Researchers from RMIT University in Australia recently implemented a 3D printable “clip-on” that allows people to turn their smartphone into a fully functional microscope.
Both the scientist and the curious can visualize specimens as small as 1/200th of a millimetre through the smartphone microscope. Those specimens comprise microscopic organisms, animal and plant cells, blood cells, cell nuclei and more.
The clip-on technology
Technically speaking, the clip-on has been made with internal illumination tunnels. Thanks to the tunnels, the light can easily find its way from the camera flash to the sample, addressing by this way the issues seen with other microscopy-enabled mobile phone devices.
“We’ve designed a simple mobile phone microscope that takes advantage of the integrated illumination available with nearly all smartphone cameras. Almost all other phone-based microscopes use externally powered light sources, while there’s a perfectly good flash on the phone itself”, said Lead developer and CNBP Research Fellow at RMIT, Dr Antony Orth explains.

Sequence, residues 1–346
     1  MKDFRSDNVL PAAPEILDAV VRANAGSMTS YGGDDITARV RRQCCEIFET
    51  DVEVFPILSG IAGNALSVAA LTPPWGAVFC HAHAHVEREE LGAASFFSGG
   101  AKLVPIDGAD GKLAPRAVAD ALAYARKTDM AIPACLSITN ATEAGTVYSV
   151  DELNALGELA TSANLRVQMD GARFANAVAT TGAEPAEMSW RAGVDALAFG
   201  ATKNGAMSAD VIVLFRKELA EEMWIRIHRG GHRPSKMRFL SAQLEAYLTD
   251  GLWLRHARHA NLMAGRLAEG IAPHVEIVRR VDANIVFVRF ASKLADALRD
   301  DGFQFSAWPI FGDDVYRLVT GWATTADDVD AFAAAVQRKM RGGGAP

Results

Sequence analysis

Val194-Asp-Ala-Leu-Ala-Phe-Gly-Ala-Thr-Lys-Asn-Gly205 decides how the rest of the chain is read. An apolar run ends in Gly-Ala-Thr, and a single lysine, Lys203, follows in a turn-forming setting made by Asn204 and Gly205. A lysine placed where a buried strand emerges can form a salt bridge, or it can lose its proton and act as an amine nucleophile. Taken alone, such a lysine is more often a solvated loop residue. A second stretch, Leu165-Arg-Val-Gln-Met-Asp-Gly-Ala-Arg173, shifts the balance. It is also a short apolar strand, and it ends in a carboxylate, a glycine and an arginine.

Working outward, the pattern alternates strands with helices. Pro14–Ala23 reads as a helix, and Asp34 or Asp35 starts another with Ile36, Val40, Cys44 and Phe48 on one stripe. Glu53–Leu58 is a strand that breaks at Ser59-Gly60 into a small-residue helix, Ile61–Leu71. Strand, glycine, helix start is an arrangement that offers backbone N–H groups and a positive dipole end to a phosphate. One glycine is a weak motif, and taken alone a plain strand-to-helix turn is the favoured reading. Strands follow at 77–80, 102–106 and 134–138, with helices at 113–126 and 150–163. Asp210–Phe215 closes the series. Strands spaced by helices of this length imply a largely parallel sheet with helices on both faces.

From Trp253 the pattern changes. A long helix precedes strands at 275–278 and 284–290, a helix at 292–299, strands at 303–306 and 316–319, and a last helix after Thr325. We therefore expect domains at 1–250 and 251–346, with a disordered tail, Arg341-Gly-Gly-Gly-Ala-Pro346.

Key advantages of the clip-on technology:
- The microscope can be used after one simple assembly step;
- It does not require any additional illumination optics;
- The device does not require any fundamental knowledge of 3D printing
- According to Dr. Oth, the clip-on enables both bright-field and dark-field microscopy techniques to be undertaken. “The added dark-field functionality lets us observe samples that are nearly invisible under conventional bright-field operation such as cells in media,” he says.
There is a wide range of applications for the clip-on technology: “water quality, blood samples, environmental observation, early disease detection and diagnosis.” During the test, the technology has proven itself in the visualization of samples of cell culture, and zooplankton.
The 3D printing file of the clip-on technology has been made publicly available.
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